Craft Beer: Definitely Constitutional



We the People of the United States, in Order to form a more perfect Union, establish Justice, insure domestic Tranquility, provide for the common defence, promote general Welfare, and secure the Blessings of Liberty to ourselves and our Posterity, do ordain and establish this Constitution for the United States of America.


The opening lines of the United States Constitution, which long ago set ideas in motion that continue to sculpt this nation, deserve some new attention for how they apply to the spirit with which craft beer is made in this country. It would make more than a modicum of sense considering how much some of the Founding Fathers, and undoubtedly the mothers too, purportedly drank. But, also because of the rather simple way that small to moderate scale brewing has improved many lives and imbued localities with an enriched sense of unity.


Patronizing local breweries, and bars that sell locally produced beer (wine and liquor as well) helps everyone out in a small but significant way. It ties people closer to the idea of buying locally produced vegetables, fruit, beef, chicken, or pork. And that spent money stays local, whereas some or all of it might otherwise find its way out of state, or out of country. The idea of buying locally produced food never seemed like a terrible idea, but I realize that after slowly addicting myself to small craft beer producers, I feel much more tied to and think more about local sources of… well, everything. Soap, laundry detergent, food, whiskey, furniture, etc.


As it happens, I have other reasons for opening with the Preamble to the Constitution, because of course many of us have experienced the convoluted fact-check nightmare that ensues when listening to bar-top historians sputter their knowledge while also enjoying weird and interesting brews that aren’t mainstream delicacies…. There’s something about the sort of person prone to enjoying that fine assortment of boiled and fermented hops, malt, water, and barely that also makes them prone to the nerdalectics involved (think dialectics) when discussing famous historical figures. Those half-in-the-bag stories, after all, say something about how the average drinking woman and man would like to have lived back then when the roots of the now dried up, sour, and beaten-dead-gone American Dream first took hold in colonial soil.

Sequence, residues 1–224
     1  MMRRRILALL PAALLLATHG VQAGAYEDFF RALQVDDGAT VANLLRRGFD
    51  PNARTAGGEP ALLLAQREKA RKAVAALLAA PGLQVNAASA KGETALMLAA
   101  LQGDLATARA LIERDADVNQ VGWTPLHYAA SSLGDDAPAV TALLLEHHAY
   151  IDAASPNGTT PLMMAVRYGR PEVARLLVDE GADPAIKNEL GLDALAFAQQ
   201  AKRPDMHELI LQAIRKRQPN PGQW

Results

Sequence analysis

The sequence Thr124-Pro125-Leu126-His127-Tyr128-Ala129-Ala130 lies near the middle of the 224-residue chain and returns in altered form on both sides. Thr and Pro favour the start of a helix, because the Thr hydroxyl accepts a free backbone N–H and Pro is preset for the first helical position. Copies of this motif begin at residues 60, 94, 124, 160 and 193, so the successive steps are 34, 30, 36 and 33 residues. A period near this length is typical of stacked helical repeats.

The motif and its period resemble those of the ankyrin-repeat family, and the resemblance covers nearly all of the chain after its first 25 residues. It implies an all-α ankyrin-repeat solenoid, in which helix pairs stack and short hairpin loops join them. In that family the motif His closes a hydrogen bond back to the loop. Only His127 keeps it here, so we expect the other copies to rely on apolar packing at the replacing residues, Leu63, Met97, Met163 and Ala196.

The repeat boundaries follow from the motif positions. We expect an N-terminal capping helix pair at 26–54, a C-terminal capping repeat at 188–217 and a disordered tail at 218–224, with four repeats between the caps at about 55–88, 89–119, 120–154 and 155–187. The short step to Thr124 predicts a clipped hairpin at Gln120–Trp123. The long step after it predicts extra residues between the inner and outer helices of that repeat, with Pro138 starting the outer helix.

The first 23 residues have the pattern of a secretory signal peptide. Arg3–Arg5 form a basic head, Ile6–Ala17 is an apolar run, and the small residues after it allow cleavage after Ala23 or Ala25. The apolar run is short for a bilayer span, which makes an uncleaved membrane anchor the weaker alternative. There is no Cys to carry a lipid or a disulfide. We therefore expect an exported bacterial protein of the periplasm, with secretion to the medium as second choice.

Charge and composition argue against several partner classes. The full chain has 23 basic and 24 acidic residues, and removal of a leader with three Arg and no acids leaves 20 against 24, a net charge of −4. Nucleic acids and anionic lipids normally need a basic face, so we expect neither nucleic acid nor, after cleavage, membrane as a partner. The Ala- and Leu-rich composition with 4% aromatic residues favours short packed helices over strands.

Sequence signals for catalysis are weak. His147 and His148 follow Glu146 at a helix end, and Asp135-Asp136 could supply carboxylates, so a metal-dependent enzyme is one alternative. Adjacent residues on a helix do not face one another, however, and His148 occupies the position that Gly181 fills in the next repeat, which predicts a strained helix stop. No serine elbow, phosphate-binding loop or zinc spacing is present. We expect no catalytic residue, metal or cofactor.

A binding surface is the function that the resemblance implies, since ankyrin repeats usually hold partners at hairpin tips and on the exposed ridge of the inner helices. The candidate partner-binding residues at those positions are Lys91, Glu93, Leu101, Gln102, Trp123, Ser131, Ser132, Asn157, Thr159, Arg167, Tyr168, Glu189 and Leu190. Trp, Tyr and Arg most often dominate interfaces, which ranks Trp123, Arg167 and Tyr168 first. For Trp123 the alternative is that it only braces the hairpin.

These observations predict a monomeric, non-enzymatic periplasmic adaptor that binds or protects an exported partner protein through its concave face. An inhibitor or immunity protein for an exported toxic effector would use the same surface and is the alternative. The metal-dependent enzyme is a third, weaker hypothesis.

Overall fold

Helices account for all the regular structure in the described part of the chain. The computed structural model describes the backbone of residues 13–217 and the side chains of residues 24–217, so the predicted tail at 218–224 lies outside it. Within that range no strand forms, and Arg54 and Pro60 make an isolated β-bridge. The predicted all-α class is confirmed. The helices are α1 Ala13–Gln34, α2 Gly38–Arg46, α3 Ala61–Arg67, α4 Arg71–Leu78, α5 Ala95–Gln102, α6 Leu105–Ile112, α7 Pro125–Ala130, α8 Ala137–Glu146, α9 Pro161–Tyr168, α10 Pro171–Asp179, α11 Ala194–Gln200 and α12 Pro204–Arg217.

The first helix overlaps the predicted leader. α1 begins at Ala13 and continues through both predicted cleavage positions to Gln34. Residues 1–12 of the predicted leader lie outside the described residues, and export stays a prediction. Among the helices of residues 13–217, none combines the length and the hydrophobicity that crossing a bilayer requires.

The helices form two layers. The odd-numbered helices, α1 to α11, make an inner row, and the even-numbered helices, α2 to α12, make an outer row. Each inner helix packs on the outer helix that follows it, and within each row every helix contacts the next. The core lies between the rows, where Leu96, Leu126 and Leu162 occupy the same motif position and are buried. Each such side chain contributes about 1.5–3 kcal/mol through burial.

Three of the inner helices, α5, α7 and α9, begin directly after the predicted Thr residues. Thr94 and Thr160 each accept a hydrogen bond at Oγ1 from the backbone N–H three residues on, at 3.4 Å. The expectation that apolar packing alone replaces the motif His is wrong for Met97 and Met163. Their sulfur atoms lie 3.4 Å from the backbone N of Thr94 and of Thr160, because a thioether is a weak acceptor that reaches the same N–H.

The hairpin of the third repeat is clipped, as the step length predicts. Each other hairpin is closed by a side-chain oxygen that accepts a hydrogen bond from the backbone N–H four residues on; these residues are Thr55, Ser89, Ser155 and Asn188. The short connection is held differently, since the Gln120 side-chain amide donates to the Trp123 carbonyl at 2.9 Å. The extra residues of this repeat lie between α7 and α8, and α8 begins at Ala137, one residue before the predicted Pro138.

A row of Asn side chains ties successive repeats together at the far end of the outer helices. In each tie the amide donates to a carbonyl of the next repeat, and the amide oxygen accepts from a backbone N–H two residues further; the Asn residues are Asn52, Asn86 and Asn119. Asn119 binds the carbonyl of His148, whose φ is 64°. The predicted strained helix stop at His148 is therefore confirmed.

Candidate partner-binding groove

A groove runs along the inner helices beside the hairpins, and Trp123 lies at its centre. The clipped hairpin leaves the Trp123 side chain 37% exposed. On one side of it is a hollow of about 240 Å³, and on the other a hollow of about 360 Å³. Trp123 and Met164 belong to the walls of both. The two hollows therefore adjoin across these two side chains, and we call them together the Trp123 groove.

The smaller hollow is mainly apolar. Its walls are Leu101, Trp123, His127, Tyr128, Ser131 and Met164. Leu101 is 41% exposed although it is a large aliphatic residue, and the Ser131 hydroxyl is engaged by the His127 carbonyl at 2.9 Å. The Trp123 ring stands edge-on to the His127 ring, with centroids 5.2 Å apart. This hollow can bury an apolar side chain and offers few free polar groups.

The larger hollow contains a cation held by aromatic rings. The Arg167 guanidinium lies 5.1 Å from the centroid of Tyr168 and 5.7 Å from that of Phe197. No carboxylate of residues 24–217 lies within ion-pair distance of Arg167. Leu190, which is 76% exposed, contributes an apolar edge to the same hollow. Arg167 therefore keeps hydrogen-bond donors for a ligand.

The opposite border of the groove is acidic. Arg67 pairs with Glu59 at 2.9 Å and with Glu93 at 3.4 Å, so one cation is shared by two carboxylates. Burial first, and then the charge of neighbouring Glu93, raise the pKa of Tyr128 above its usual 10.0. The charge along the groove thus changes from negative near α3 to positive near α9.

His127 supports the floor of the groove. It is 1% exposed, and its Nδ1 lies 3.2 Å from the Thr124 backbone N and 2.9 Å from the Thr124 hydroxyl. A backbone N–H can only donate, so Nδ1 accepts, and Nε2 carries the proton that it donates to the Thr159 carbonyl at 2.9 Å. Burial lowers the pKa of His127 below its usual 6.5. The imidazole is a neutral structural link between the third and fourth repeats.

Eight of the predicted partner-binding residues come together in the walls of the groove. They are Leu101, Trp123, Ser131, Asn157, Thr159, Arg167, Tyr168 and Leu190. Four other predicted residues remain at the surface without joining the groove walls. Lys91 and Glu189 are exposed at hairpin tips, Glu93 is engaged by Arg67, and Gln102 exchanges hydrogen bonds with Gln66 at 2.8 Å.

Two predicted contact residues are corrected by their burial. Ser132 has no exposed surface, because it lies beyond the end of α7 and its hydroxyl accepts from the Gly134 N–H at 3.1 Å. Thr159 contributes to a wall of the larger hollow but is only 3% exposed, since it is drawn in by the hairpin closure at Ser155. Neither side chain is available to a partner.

I’m referencing the old adage that politics go so well with beer. I’d amend that statement a bit to involve Scotch also, but the point comes across well enough. I have a half-in-the-bag story I’ll tell a bit later in this ramble, but I should say I’m more proud of the fact that I love talking drunk history with other people than I would be if I could actually shit fire… mostly because as awe-inspiring as that may sound, I imagine it would be rather uncomfortable for myself and those in close proximity…. Truly, consider the consequences. Think of how dangerous Porta Potties would become….


But that’s okay. Those are the questions we craft brewophiles bear as a burden. Well… we move on to the beer reviewing.


The first I’d like to write about hales from the Westbrook Brewery, located in Mt. Pleasant, South Carolina, which appears to be roughly three hours from where I now live. This is fortunate, in a sense, but for only one reason: I would blow wads of money if I happened upon a local bar that sold their beer.


I paid $12.49 for a sixer of Westbrook IPA at a Piggly Wiggly (a grocery chain I have only seen in South Carolina, though they are headquartered in Keene, New Hampshire, with a mascot that looks like a beige and bloated English doctoral candidate wearing a white cap and getting a slightly better-than-average reach-around from a U.S. Senator in a suspect bathroom stall in some airport in Illinois before breakfast).


Anyone who knows me even a little would understand that this is not necessarily something significant, because I have a rather simple genetic malformation that predisposes my brain to spend money on beer and brown liquors I have not yet tried. But even more serious, I spend money on what I already know and love, and spend it often when I shouldn’t. Ah, the sign of a true enthusiast, some of you might be thinking. And I would love to agree, if I didn’t know better.


Anyway, peruse the Westbrook site a little bit and you’ll find their mission statement, which is simple enough. It reads: “Our mission is to make the most interesting, drinkable, and generally awesome beer possible.” Short. Succinct. Hemingway.

c/o Patrick Durkin

Photo by Patrick Durkin.


As an aside, you can also peruse the Internet a little more and find that the mind behind Westbrook’s brews was only 25 years old when he started his project… if not younger.